An IT security audit is the most effective tool for companies to detect their main vulnerabilities and risks and take the necessary steps to eliminate them or at least minimise their consequences.
In this article, we will outline the keys to conducting an effective IT security audit.
What is an IT security audit and what is it for?
An IT security audit is a process of analysis and assessment of the IT security status of a company, business or organisation, where the following aspects are carefully analysed, among others:
The procedures, measures and security policy defined by the company and the extent to which it is or is not complied with.
Vulnerability, risks and areas for improvement.
Measures necessary to deal with the IT security problems detected, in order to optimise the system both now and in the future.
The usefulness of an IT audit is undeniable, as it allows us to anticipate risks and provide the means to avoid them or minimise their consequences in potentially vulnerable areas, serious losses being possible, if the necessary measures are not taken.
A computer attack can lead to problems ranging from the loss of credibility and confidence among a company’s customers, partners or suppliers to termination of the organisation’s activity. There is also the risk of receiving very heavy fines for not complying with the Organic Law on Data Protection and Guarantee of Digital Rights.
The stages of an IT audit
An audit can be performed by the company’s own employees, or entrusted to external auditors, specialised professionals who will issue a detailed report and take appropriate measures based on an objective analysis.
There is no single type of IT audit or way of carrying it out. However, the following stages are common to the vast majority of audits:
Analysis of the initial situation. A study is made of the current situation of the company in matters that may affect its IT security: hardware and software used, antivirus programs available, company security measures and policies, training and awareness raising among employees regarding IT security issues, level of compliance with the Data Protection Act, etc.
Definition of audit objectives and planning. Once the initial situation of the company is known, objectives can be defined and, based on these, the entire audit can be planned, taking into account the human and technical resources that will be necessary, the time needed to complete it, etc.
Report on defects and risks and the solutions needed. After the two previous stages, we will have a detailed list of the vulnerabilities and risks detected. Detailed solutions are then proposed for each of the defects: measures to be taken, the investment required, resources needed, schedule for completion, etc.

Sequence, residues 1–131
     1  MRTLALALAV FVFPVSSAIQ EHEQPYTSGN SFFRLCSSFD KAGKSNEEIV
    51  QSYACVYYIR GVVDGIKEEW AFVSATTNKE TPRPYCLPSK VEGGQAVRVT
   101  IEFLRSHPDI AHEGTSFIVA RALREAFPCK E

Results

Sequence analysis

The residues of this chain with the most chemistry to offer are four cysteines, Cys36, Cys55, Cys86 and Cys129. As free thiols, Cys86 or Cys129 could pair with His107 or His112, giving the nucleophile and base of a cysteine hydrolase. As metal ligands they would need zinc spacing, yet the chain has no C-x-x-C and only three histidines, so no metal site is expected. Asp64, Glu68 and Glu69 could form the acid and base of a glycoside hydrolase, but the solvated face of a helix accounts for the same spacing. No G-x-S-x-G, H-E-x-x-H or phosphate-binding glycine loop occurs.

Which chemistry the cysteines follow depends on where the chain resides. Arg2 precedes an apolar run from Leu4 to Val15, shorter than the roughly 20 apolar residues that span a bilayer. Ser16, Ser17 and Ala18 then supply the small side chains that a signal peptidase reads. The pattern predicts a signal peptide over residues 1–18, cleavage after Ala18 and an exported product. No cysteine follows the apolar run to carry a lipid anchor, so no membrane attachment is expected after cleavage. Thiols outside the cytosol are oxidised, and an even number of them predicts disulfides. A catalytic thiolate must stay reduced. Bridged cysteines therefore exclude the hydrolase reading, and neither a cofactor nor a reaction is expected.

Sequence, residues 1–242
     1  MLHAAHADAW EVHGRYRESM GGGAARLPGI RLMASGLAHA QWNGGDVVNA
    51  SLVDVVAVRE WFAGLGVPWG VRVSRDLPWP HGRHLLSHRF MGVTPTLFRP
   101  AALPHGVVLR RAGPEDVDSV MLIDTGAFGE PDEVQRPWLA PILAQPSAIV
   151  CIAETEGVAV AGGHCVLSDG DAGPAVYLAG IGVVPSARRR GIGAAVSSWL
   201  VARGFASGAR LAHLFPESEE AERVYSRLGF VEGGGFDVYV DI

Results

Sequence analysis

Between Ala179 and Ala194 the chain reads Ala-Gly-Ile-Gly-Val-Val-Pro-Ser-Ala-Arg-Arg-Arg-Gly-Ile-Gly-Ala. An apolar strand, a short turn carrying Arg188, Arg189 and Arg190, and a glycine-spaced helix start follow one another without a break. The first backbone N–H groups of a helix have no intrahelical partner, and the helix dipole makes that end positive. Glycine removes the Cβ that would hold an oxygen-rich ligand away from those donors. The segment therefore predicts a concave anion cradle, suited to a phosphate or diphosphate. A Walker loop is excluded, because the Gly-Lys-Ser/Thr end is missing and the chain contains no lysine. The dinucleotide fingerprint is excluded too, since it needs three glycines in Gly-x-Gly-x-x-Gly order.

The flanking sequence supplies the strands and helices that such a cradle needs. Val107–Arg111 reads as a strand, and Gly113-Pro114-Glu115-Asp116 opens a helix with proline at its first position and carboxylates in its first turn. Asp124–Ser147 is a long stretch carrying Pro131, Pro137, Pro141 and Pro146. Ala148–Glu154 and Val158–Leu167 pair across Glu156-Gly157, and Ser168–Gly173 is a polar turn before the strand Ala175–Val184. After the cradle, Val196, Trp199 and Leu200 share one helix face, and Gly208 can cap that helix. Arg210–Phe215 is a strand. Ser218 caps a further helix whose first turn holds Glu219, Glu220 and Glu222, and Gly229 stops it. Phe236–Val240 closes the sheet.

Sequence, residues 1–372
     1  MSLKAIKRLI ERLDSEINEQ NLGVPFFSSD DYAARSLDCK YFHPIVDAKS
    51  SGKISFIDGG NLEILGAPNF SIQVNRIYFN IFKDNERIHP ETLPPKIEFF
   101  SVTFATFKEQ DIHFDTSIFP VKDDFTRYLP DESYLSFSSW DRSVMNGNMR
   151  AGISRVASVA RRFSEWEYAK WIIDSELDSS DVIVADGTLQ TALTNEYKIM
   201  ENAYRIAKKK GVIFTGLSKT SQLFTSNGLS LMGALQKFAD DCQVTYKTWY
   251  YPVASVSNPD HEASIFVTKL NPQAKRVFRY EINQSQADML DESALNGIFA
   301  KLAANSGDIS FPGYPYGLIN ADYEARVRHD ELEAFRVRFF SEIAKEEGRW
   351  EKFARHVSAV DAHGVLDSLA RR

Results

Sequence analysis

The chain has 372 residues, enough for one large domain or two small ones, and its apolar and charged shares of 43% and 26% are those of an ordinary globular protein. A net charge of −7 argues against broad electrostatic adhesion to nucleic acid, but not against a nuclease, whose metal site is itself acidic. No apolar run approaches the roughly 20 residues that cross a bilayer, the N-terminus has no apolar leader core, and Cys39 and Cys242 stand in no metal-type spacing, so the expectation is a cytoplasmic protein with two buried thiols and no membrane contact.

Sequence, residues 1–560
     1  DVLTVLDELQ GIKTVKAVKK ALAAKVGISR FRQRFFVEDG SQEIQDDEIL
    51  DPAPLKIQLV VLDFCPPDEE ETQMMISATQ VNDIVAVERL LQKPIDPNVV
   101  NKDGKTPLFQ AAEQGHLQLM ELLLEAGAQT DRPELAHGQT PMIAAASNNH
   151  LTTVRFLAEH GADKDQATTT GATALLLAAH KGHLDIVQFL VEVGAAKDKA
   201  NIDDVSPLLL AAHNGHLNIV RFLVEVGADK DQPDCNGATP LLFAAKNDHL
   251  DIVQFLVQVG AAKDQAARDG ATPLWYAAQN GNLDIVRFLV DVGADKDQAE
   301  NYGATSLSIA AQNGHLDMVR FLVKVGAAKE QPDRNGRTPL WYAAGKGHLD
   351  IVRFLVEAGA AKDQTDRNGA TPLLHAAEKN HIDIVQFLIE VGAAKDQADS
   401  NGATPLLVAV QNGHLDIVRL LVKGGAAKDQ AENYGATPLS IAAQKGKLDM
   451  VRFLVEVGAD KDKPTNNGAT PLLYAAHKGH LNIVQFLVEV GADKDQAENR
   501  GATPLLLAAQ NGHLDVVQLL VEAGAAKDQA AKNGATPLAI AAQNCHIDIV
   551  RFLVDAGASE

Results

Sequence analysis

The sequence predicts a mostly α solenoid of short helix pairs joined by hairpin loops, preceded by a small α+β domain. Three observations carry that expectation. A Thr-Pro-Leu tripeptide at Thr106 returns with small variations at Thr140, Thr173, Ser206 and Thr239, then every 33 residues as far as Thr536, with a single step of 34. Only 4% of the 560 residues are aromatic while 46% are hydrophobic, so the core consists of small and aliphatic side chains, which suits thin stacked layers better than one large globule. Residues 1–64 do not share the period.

Implementation of the measures needed. The last stage in the audit should be the implementation of all the measures needed to address the security defects and reduce risks: changes or updates of hardware, software and antivirus programs, network security measures, implementation of the latest requirements in data protection and digital security, employee training, etc.
Factors to be analysed in an IT audit
While the above stages are being completed, the following factors, at least, will be reviewed and assessed in a company IT audit:
The company’s IT security procedures and policies.
Security analysis of equipment (hardware and software) and networks.
Verification of compliance with current legislation on data protection and cybersecurity.
IT security awareness and training among employees.
The best strategy a company can adopt with regard to cybersecurity is to take all possible measures to prevent the risk or danger from materialising and, if a cyber-attack or an IT incident should occur, to have sufficient insurance cover to pay compensation to third parties or enable the company itself to face financial losses, lost production or other issues.
In this regard, it is highly advisable to take out a comprehensive IT security policy that includes audits, prevention and protection measures and, if necessary, compensation to avoid or minimise the consequences of cyber-crime and other IT crises.